The second, is the person who really doesn't care who he serves, he just wants the gain, and whoever he thinks could give him what he wants at that moment, he will serve. 

There are three ways that waivering is worse than idol worship. 

First, it is much more difficult to repent and return to Hashem, because being that he still serves Hashem, he doesn't see the wrong clearly and he doesn't feel cut off, so he doesn't repent. In contrast, someone who just serves idols, when he recognizes that Hashem is the only true G-d, he will immediately realize how wrong he was, and repent with all of his heart. 

Second, when someone believes in and serves idols, although he is committing a grave sin, he at least has a general belief in spirituality. It may be wrong, but he wants to serve who he thinks is god. So when he finds out that Hashem is the only true G-d, he will drop what is false, and embrace what is true. In contrast, the one who is wavering, lacks spiritual conviction, if not cold to the whole idea altogether. It is very hard for a person who thinks this way to find his way to Hashem. 

The third problem, is the effect on others. Someone who wants to follow the Torah, will not learn from someone who is a clear idol worshipper. But the waiverer has a facade of someone who follows the Torah. Therefore, others will learn from him and be lead astray. 

Even though idol worship is not an issue today, there are those who worship money, honor, power, fame, etc. It is the same idea as idol worship, it is all for a selfish personal gain. Wavering in this case, is when someone who acts in the light of Torah most of the time, will drop his observance for a period of time, for a personal gain. And this is terrible because of the same three reasons mentioned above. 

Even the waverer could repent and come close to Hashem, but it takes intense teshuva, a sincere search for the truth and an embracing of extreme clarity. Like the Children of Israel on Mount Carmel, where they came to an extreme clarity and proclaimed, "Hashem is G-d! Hashem is G-d!" 

The Midrash tells us, that the bull that was to be offered to Baal didn't want to go. He said to Eliyahu, "Me and my friend came out of one belly... He will go up to the portion of the Holy One Blessed Be He and the name of the Holy One Blessed Be He will be sanctified through him, and I will go up to the portion of Baal, to anger my creator." Eliyahu responded to the bull, "Just as the name of the Holy One Blessed Be He will be sanctified through this one that is with me, so will it be sanctified through you."

from Eliyahu's words, "just as... So too," it seems that the sanctification of Hashem's name of both bulls are equal. But the one that Eliyahu brought up for Hashem, had an open miracle, everyone saw how a fire of Hashem consumed it, and it made them see the truth of Hashem. On the other hand, the bull that was brought for Baal, merely showed that Baal was false. how can they be equal?

The answer is that through what Eliyahu did on Mount Carmel, causing all of the Jewish people to return to Hashem, the oneness of Hashem was revealed as they all proclaimed, "Hashem is G-d! Hashem is G-d!" And when the oneness of Hashem is revealed, the true G-dly purpose of everything in creation is revealed. Meaning, that everything in the world has a G-dly purpose, even the things that we perceive as negative or bad, and when you begin to understand that it is all from Hashem, you realize that underneath the facade of bad is really Hashem's will and purpose, you recognize the good hidden in it. So the oneness of Hashem is in everything, good, bad, etc. Here the essential oneness of Hashem was brought out through the bull that was brought for Baal. And this revelation is equal, no matter where it is revealed, so both bulls equally sanctified the name of Hashem.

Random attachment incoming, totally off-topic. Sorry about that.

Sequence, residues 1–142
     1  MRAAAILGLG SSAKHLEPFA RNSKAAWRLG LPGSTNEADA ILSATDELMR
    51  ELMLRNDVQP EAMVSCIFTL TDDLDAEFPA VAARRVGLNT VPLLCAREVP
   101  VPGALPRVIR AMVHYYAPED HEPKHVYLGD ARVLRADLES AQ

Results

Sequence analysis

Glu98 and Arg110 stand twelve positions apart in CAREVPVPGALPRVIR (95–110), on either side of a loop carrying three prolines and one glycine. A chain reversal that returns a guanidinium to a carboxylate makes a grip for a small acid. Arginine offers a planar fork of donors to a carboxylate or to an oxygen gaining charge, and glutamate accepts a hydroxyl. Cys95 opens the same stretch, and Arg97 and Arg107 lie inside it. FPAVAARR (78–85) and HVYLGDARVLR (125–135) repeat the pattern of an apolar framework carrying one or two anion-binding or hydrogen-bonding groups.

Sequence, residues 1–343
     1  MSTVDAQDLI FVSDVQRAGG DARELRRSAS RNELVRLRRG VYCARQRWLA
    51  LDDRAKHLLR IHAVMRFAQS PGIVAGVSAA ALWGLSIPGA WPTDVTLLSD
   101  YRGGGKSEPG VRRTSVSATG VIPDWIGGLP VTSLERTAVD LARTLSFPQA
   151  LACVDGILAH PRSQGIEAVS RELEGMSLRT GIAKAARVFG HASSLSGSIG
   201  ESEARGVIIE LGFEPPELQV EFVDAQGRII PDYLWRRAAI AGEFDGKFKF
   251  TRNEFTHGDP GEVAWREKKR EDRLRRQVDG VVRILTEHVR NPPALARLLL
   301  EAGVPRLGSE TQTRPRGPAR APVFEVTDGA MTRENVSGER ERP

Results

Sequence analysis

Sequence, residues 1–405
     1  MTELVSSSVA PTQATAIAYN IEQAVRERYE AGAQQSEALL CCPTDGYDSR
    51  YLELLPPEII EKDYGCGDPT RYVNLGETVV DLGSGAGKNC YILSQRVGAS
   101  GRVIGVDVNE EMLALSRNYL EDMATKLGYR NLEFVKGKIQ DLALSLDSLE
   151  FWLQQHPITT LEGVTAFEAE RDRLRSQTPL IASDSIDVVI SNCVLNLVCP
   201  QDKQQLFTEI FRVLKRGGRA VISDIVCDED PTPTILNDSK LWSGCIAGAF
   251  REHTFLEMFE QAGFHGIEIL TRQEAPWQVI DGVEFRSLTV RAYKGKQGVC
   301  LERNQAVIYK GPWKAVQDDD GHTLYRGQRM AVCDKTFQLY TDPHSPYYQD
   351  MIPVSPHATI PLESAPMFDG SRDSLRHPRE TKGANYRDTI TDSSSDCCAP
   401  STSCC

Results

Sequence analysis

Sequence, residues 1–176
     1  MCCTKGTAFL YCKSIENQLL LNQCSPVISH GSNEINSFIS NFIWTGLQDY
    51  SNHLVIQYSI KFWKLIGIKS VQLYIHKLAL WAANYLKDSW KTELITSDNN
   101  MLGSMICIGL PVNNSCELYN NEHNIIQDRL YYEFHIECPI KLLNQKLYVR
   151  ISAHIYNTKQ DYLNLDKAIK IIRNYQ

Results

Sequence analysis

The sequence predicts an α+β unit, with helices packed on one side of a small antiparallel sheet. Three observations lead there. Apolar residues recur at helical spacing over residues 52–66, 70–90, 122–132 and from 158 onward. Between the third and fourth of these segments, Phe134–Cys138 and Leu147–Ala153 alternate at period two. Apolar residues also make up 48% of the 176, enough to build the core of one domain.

This is a lesson to us. Some may think, "I only want to deal with the bull for Hashem, only with the people who clearly serve Hashem, but I don't want to have anything to do with the bull for Baal, those who don't serve Hashem." And in truth, the oneness of Hashem is in them as well, and if you invest your time and heart into that person who may be far from the Torah path, even though it takes you away from your own growth in Torah, you will uncover the oneness of Hashem in that person, and he will return to Hashem. When that happens, all that you perceived as negative in that person, becomes merit, because when someone does teshuva his transgressions turn to merits.

This work, of investing time and effort into someone who is far from Torah is very important and comes before your own growth in Torah. As we read that first the bull for Baal was offered and only after, the bull for Hashem.

May we strengthen our resolve in our service to Hashem, and recognize his true oneness. And through our work with others, we will help them to also recognize the oneness of Hashem. This will surely bring us to hear Eliyahu herald the coming of Moshiach, when all will see that, "Hashem is G-d! Hashem is G-d!" May it happen soon. 

Dedicated in memory of Rivka Farkash OBM, who passed on this week. And in honor of the Farkash family. May you truly be consoled. Especially Dudy who was so close with Riki, I love you my brother.